Center Image#

Left Image#

Right Image#

Original Image#

Cropped Image#

Data Distribution#

How to Collect Data and Train Your Own Model with LGSVL Simulator#

Collect data from LGSVL Simulator#

To collect camera images as well as corresponding steering commands for training, we provide a ROS2 collect node which subscribes to three camera image topics and a control command topic, approximately synchronizes time stamps of those messages, and then saves them as csv and jpg files. The topic names and types are as below: - Center camera: /simulator/sensor/camera/center/compressed (sensor_msgs/CompressedImage) - Left camera: /simulator/sensor/camera/left/compressed (sensor_msgs/CompressedImage) - Right camera: /simulator/sensor/camera/right/compressed (sensor_msgs/CompressedImage) - Control command: /simulator/control/command (geometry_msgs/TwistStamped)

To launch rosbridge and collect ROS2 node in a terminal:

docker-compose up collect

To drive a car and publish messages over rosbridge in training mode: - Launch LGSVL Simulator - Click Free Roaming mode - Select San Francisco map and XE_Rigged-lgsvl vehicle - Make sure the simulator establishes connection with rosbridge - Click Run to begin - Enable Main Camera, Left Camera, Right Camera, and check Publish Control Command

The node will start collecting data as you drive the car around. You should be able to check log messages in the terminal where the collect node is running. The final data is saved in lanefollowing/ros2_ws/src/lane_following/train/data/ as csv and jpg files.

Data preprocessing#

Before start training your model with the data you collected, data preprocessing is required. This task includes: - Resize image resolutions from 1920 x 1080 to 200 x 112 - Crop top portion of images as we are mostly interested in road part of an image - Data augmentation by adding artificial bias to side camera images or flipping images - Data normalization to help the model converge faster - Split data into training and testing dataset

To run data preprocessing and obtain datasets for training:

docker-compose up preprocess

This will preprocess your data and write outputs in lanefollowing/ros2_ws/src/lane_following/train/data/hdf5/ into HDF5 format for better I/O performance for training.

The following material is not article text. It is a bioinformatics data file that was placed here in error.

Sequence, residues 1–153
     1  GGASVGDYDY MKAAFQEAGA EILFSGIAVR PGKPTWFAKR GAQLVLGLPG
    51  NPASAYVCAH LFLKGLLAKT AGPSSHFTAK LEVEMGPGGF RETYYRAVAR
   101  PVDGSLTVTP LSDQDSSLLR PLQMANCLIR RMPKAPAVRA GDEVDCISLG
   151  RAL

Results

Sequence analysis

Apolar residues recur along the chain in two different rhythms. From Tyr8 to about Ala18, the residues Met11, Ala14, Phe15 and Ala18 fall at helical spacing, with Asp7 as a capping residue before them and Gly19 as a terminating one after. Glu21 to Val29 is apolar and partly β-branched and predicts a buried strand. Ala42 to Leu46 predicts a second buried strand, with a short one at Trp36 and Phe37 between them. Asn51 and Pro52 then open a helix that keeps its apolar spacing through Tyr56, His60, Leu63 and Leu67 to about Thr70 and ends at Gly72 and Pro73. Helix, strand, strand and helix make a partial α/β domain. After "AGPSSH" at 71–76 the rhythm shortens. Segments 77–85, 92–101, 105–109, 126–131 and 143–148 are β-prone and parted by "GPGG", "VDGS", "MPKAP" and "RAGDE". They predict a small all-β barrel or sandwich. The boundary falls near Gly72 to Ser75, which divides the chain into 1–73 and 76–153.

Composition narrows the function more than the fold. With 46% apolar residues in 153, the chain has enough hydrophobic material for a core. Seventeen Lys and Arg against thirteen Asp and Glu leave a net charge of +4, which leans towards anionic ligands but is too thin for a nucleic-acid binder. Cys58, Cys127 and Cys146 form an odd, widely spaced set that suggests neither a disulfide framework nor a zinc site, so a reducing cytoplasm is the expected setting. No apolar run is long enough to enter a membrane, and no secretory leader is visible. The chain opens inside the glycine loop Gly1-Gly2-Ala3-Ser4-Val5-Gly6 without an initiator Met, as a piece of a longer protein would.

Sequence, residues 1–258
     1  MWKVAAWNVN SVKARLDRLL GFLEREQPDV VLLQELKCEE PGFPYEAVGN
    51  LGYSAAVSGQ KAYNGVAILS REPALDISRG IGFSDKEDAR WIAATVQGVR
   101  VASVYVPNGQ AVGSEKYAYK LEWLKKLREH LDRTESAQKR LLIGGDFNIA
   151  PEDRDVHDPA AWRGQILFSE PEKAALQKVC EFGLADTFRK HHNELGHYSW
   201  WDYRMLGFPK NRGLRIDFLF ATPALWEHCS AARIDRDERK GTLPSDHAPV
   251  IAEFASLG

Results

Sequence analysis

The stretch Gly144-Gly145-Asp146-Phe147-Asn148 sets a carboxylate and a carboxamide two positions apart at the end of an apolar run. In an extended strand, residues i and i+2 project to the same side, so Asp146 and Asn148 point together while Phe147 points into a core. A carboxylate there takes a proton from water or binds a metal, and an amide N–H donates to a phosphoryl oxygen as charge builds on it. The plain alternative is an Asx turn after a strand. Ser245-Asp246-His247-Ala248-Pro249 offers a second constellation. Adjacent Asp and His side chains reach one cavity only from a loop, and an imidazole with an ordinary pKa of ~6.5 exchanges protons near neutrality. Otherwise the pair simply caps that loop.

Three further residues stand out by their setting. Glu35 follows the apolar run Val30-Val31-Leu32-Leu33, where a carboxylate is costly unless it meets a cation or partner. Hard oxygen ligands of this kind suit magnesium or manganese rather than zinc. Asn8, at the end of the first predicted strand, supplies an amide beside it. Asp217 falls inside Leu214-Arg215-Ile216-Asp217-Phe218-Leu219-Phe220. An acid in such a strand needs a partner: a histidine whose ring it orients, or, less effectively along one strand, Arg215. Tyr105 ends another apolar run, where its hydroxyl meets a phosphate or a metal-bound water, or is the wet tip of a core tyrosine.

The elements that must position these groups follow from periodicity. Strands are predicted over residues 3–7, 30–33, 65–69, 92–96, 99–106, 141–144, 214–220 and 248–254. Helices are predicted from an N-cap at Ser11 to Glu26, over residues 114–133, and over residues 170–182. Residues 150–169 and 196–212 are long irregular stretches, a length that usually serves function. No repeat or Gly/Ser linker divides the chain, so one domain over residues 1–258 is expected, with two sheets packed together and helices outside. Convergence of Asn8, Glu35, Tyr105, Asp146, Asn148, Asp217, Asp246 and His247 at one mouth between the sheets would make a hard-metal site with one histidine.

Train a model#

We use Keras with TensorFlow backend for training our model as an example. The hyperparameters such as learning rate, batch size, or number of epochs were chosen empirically. You can train a model as is but you are also welcome to modify the model architecture or any hyperparameters as you like in the code.

To start training:

docker-compose up train

After training is done, your final trained model will be in lanefollowing/ros2_ws/src/lane_following/train/model/{current-date-and-time-in-utc}.h5 and your model is ready to drive autonomously.

Drive with your trained model in LGSVL Simulator#

Now, it's time to deploy your trained model and test drive with it using LGSVL Simulator. You can replace your trained model with an existing one in lanefollowing/ros2_ws/src/lane_following/model/model.h5 as this is the path for deployment.

To launch rosbridge and drive ROS2 node in a terminal:

docker-compose up drive

Or, if you want visualizations as well, run drive_visual instead:

docker-compose up drive_visual

To drive a car in autonomous mode: - Launch LGSVL Simulator - Click Free Roaming mode - Select San Francisco map and XE_Rigged-lgsvl vehicle - Make sure the simulator establishes connection with rosbridge - Click Run to begin - Enable Main Camera (we don't need side cameras for inference)

Your car will start driving autonomously and try to mimic your driving behavior when training the model.

Future Works and Contributing#

Though the network can successfully drive and follow lanes on the bridge, there's still a lot of room for future improvements (i.e., biased to drive straight, afraid of shadows, few training data, and etc). - To improve model robustness collect more training data by driving in a wide variety of environments - Changing weather and lighting effects (rain, fog, road wetness, time of day) - Adding more road layouts and road textures - Adding more shadows on roads - Adding NPC cars around the ego vehicle - Predict the car throttle along with the steering angle - Take into accounts time series analysis using RNN (Recurrent Neural Network)